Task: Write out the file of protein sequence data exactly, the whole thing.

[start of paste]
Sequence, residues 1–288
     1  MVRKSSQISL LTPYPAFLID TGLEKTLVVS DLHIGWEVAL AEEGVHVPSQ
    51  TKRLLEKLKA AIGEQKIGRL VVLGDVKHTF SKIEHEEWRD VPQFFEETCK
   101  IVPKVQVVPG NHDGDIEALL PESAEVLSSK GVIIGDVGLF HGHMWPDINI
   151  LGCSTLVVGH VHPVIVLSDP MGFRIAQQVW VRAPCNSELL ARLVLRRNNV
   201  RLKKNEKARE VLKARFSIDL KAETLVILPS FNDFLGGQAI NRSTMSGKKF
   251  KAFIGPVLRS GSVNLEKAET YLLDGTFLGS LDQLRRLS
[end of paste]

Sequence, residues 1–288
     1  MVRKSSQISL LTPYPAFLID TGLEKTLVVS DLHIGWEVAL AEEGVHVPSQ
    51  TKRLLEKLKA AIGEQKIGRL VVLGDVKHTF SKIEHEEWRD VPQFFEETCK
   101  IVPKVQVVPG NHDGDIEALL PESAEVLSSK GVIIGDVGLF HGHMWPDINI
   151  LGCSTLVVGH VHPVIVLSDP MGFRIAQQVW VRAPCNSELL ARLVLRRNNV
   201  RLKKNEKARE VLKARFSIDL KAETLVILPS FNDFLGGQAI NRSTMSGKKF
   251  KAFIGPVLRS GSVNLEKAET YLLDGTFLGS LDQLRRLS